EACH YEAR, around 70,000 visitors flock to the National Museum of Wales in Cardiff, the majority, probably, to see its glittering collection of over 2,500 oil paintings.
At the Glynn Vivian Art Gallery in Swansea, hundreds of British and European Old Masters and Surrealist and Impressionist works attract around 40,000 people.
In London, millions of people visit the National Gallery with its 2,300 photos.
As cultural and tourist magnets, art galleries enchant, encourage and inspire and, just now, transport us to a place blissfully beyond the biting anxieties about climate change and the pandemic.
They are also very good for local economies. Unlike seasonal tourism, they are year round magnets. The Machynlleth Museum of Modern Art knows this, as does Margate, where the creation of the Turner Contemporary Art Gallery is credited with increasing tourism by 62% and helping to pump £ 20million into the economy. local Kent.
For Aberystwyth, such an asset would be a godsend. A major new art gallery would be sure to rekindle the spirit and economy of a city sagging under the shadow of Covid-19.
Such a location would greatly enhance the cultural accolades Aberystwyth already enjoys, while also putting the city on the map decisively as a mecca of fine arts on par with the best anywhere. It would be a glorious cultural achievement and a sure-fire economic stimulus, helping immeasurably to revive a city hard hit in recent years by job losses and store closures as a result of the obsession with online shopping and the internet. Covid.
So is it achievable? Absoutely. This is an attractive prize, and entirely within our reach, and which would complement the Old College Cultural Center project currently under way. Because, unknown to most people, Aberystwyth already has one huge, unique and magnificent collection of paintings. And it is a collection, above all, which belongs to the public.
The scale is astounding. For the approximately 2,200 state-owned oil paintings held by the National Library of Wales in its beautiful Edwardian building overlooking Aberystwyth are almost equal in number to those in the National Gallery or the National Museum of Wales.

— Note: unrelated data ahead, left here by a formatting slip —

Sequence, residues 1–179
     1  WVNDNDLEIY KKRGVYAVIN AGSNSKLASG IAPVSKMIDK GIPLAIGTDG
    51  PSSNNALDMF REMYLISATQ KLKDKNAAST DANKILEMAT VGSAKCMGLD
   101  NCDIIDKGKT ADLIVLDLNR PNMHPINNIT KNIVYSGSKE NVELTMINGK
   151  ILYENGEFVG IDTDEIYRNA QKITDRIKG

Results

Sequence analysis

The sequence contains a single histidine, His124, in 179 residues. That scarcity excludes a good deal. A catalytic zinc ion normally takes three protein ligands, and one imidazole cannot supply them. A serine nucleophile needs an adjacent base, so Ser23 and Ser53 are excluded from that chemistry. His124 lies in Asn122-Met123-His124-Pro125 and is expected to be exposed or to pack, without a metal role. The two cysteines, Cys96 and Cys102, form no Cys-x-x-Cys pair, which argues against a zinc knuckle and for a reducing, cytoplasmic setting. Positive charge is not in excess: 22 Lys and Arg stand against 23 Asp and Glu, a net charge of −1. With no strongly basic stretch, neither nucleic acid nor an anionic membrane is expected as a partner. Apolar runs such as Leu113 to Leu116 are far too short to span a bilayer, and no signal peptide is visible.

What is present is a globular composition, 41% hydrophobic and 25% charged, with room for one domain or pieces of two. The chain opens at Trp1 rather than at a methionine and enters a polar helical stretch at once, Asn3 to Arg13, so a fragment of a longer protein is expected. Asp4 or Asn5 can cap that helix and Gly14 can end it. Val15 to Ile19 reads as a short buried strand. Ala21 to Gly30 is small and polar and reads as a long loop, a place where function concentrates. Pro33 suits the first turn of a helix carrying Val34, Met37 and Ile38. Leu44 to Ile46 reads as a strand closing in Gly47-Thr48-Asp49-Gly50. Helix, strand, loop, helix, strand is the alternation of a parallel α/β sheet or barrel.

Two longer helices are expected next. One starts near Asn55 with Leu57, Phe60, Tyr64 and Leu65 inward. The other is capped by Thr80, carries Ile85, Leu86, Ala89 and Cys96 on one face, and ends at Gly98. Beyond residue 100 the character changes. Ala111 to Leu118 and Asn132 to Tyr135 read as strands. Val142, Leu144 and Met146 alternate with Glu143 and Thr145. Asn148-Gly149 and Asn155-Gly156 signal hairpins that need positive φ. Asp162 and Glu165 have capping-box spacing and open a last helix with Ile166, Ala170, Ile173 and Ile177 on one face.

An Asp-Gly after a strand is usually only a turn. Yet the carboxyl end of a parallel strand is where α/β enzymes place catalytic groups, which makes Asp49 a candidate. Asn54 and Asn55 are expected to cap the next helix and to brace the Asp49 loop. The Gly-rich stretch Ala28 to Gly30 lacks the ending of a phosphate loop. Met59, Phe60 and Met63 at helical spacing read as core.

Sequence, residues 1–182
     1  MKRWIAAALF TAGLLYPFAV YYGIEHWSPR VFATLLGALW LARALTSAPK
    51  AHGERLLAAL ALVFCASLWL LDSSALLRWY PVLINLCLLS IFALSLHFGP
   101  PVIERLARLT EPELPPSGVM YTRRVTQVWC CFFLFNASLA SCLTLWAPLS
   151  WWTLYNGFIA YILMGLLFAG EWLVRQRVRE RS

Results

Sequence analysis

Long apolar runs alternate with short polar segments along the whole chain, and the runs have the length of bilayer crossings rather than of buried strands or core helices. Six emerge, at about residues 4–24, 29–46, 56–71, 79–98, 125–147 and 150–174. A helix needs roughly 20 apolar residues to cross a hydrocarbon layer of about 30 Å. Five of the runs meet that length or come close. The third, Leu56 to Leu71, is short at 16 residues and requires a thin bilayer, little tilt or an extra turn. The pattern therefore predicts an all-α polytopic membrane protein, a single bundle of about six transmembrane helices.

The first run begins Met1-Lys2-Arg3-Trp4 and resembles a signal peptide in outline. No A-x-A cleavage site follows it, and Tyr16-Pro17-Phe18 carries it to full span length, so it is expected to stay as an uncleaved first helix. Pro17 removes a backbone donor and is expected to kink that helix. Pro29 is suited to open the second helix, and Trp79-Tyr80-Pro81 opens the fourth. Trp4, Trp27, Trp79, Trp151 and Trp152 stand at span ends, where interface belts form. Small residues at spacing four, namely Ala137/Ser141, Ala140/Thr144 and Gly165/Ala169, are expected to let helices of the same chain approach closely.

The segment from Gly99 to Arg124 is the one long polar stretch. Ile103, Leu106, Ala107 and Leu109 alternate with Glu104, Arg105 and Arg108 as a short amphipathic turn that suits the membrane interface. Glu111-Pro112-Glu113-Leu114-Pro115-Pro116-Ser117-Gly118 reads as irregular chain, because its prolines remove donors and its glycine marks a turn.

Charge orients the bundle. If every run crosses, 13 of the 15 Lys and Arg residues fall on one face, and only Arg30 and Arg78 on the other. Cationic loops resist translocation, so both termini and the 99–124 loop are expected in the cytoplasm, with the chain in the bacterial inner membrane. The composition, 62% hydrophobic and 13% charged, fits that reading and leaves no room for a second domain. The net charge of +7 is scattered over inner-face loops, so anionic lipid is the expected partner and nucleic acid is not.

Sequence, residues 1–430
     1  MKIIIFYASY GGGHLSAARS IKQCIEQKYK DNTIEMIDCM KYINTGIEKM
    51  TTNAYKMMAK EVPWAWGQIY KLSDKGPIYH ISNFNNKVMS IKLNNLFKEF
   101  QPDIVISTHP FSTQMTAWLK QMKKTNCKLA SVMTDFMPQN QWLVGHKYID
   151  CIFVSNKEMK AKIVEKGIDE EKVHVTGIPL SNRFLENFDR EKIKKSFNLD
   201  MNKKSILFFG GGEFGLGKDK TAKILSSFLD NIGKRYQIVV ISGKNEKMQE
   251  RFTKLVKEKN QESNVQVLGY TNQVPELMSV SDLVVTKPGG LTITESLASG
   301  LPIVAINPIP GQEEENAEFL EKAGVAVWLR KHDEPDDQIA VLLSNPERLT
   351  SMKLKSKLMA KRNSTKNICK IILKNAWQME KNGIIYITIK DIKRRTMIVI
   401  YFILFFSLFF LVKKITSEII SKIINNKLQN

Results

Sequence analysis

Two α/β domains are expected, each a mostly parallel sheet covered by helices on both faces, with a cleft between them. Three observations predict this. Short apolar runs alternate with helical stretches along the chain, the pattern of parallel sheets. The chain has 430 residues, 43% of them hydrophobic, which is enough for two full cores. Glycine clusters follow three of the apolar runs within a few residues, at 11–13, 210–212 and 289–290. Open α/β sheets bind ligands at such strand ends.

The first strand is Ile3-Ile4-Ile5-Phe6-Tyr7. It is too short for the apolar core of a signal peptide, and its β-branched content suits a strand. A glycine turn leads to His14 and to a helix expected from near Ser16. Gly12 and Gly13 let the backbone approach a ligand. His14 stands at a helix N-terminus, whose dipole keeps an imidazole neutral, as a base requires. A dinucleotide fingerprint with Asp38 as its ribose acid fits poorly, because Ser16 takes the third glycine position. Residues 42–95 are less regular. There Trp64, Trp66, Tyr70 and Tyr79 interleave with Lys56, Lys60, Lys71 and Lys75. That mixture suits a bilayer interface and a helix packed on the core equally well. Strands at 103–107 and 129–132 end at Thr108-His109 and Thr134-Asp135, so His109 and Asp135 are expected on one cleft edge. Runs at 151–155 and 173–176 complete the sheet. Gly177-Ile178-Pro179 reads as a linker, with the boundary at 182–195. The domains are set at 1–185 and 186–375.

The National Library’s collection is unique, in part because it includes a phenomenal range of fascinating portraits of people at the heart of Wales’ social, political, educational and political history over the centuries, as well as landscapes Glorious and other works, and the world’s largest collection of landscapes and portraits by Kyffin Williams, arguably the most acclaimed Welsh artist of the 20th century. In total, the range is vast, breathtakingly beautiful and in a variety of subjects and styles.
Other titans depicted include Turner (his Dolbadarn Castle is on long-term display), Gainsborough, Gwen John, Augustus John, William Coldstream, Claudia Williams, Evan Walters, and Evan Williams. And there is wonderful work by many more.
The big difference between the great collections in Cardiff and London and those in Aberystwyth is that the vast majority of ours are never seen by us, the people who own them. Instead, they are kept in storage. A very limited number sometimes appears in exhibitions at the library, and some are sometimes found, on loan, in galleries elsewhere.